Chocolate Snickerdoodles are a warm and cozy twist on the classic. My recipe makes soft and chewy cookies with no mixer and no chilling! Recipe includes a how-to video!
Sweet, Chocolate Cinnamon Cookies
These chocolate snickerdoodles are a chocolatey take on my classic snickerdoodle recipe that you’ll love (maybe even more than the original!). The flavor is warm and slightly spiced, with perfectly textured, crackly outsides and rich, chocolatey interiors. They’re like a cup of hot cocoa on a snowy Christmas night–so festive!
Chocolate and cinnamon is a somewhat unusual, but stellar combination (think Mexican hot chocolate!). The chocolate is rich and decadent while the cinnamon is sharp and bright. Both work together beautifully to create a cozy holiday flavor.
These are thick, soft, chewy cookies made with NO mixer and NO chilling! You’ll love how simple the recipe is (just 11 ingredients!), and it can easily be doubled for lots of cookies.
What You Need
If you’ve made snickerdoodles before, some of these ingredients won’t surprise you. There are a few others worth nothing though:
- Cream of tartar. If you’re a snickerdoodle fan, then you already know that cream of tartar is essential in any snickerdoodle recipe! It adds that classic tang and is truly what makes a snickerdoodle a snickerdoodle. It can typically be found in the spice section of your local grocery store. Don’t leave it out or your cookies won’t actually be chocolate snickerdoodles.
- Cinnamon. We’ll add a pinch of cinnamon to the dough for flavor in addition to the rolling mixture, just enough to make sure it doesn’t get lost among the chocolate flavors.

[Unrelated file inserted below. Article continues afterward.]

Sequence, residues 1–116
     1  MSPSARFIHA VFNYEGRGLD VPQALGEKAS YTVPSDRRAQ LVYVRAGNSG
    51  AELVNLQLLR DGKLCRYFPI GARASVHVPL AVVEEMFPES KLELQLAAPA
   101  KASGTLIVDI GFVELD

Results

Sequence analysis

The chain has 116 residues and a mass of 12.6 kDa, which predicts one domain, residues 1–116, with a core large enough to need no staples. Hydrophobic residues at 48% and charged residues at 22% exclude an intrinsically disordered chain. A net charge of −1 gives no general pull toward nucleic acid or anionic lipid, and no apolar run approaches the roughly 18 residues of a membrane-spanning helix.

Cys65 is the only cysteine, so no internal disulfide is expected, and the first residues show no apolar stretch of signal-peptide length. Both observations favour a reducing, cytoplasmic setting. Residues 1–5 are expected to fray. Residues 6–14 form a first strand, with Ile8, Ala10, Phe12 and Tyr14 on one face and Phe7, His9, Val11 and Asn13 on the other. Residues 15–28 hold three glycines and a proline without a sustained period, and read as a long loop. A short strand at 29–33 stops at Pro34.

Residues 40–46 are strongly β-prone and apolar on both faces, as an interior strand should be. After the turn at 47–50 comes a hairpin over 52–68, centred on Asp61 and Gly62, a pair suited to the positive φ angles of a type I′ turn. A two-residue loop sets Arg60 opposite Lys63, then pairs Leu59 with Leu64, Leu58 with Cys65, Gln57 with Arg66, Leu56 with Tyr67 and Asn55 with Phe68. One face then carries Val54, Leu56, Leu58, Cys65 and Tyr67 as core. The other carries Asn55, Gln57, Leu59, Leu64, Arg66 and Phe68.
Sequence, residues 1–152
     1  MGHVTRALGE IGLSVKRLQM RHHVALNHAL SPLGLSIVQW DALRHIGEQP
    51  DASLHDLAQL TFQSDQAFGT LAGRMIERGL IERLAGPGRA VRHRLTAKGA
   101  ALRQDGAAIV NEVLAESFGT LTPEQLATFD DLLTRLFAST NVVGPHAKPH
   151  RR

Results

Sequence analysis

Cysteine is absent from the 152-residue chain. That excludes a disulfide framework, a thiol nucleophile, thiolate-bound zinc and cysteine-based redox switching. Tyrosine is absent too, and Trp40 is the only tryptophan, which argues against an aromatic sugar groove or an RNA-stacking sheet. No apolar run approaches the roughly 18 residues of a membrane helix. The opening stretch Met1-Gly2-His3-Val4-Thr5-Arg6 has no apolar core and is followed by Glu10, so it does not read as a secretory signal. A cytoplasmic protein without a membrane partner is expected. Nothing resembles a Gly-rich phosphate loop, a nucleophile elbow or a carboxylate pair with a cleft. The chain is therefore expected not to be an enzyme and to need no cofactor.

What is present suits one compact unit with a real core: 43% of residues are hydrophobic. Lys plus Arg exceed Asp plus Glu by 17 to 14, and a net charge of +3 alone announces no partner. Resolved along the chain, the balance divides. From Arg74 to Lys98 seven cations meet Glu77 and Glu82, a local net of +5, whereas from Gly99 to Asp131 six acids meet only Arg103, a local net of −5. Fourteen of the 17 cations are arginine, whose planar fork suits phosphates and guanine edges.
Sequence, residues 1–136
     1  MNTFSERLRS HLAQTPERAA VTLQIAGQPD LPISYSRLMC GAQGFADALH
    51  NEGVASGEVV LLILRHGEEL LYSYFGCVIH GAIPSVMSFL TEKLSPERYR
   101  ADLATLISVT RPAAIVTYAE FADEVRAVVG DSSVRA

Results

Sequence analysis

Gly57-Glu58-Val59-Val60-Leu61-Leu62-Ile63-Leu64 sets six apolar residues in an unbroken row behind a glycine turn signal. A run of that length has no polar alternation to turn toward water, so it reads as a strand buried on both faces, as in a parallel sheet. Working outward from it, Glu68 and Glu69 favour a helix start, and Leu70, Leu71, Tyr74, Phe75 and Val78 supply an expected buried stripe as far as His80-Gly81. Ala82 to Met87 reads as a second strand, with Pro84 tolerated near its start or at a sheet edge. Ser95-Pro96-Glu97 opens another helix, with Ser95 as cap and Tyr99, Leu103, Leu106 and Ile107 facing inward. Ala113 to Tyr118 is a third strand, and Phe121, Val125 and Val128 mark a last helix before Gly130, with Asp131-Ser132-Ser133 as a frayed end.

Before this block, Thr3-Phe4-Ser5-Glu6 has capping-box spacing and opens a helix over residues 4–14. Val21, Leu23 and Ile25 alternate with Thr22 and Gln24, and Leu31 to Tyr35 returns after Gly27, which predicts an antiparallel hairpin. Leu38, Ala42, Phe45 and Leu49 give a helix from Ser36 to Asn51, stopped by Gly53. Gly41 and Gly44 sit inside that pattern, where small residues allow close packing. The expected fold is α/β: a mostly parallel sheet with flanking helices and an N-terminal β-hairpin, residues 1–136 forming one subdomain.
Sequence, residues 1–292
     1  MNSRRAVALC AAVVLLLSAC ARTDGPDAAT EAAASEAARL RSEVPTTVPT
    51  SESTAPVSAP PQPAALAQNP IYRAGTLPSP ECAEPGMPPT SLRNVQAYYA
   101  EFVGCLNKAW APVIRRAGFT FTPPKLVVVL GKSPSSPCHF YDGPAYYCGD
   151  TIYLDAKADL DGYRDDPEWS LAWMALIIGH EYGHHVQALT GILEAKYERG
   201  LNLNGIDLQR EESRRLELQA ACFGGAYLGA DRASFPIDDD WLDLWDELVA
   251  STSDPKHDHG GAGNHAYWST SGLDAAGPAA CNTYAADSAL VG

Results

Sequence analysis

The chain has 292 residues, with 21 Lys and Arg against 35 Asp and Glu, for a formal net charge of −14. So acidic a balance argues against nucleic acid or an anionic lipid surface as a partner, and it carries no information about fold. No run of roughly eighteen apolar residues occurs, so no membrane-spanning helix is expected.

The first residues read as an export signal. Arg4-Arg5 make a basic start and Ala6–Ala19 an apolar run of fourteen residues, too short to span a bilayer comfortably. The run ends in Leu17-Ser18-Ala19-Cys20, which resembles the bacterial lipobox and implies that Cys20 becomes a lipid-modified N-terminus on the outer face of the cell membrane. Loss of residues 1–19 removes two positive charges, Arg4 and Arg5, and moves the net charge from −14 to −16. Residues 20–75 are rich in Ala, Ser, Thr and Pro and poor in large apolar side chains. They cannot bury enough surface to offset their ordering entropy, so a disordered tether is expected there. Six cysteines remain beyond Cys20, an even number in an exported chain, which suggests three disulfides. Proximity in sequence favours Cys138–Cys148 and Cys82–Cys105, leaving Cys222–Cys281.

- Cocoa powder. I recommend using natural cocoa powder for best results. You could get away with substituting Dutch process cocoa, but the flavor profile will be quite different.
- Egg + egg yolk. Adding an extra egg yolk makes these chocolate snickerdoodles nice and tender. Leaving out the second egg white means the dough can bake right away without chilling first and they will be perfectly thick without spreading too much.
SAM’S TIP: Typically snickerdoodles are rolled in a cinnamon sugar mixture, but we’re adding a bit of cocoa powder into the mix to play up the chocolate flavor.
Remember, this is just an overview of the ingredients I used and why. For the full recipe please scroll down to the bottom of the post!
How to Make Chocolate Snickerdoodles
- Whisk together the melted butter and cocoa powder, then stir in the sugars.
- Add the eggs and vanilla and stir until combined.
- Combine the dry ingredients in a separate bowl, then gradually add them to the wet ingredients.
- Whisk together your cinnamon, cocoa, and sugar mixture.
- Roll your cookie dough balls through the cinnamon mixture before placing on a parchment lined baking sheet.
- Bake for 8 minutes, then let the cookies cool completely on their sheets before enjoying.
SAM’S TIP: If you prefer thinner/flatter chocolate snickerdoodles, use 2 whole eggs (instead of 1 egg + 1 yolk) and chill the dough for a minimum of 30-60 minutes.
Frequently Asked Questions
This dough is designed to be rolled and baked immediately after preparing. You can make it in advance, but please know that chilling the dough will make it a bit dry and will make your chocolate snickerdoodles even thicker and less likely to spread. Make sure to cover your dough tightly before chilling and chill for no more than a few days.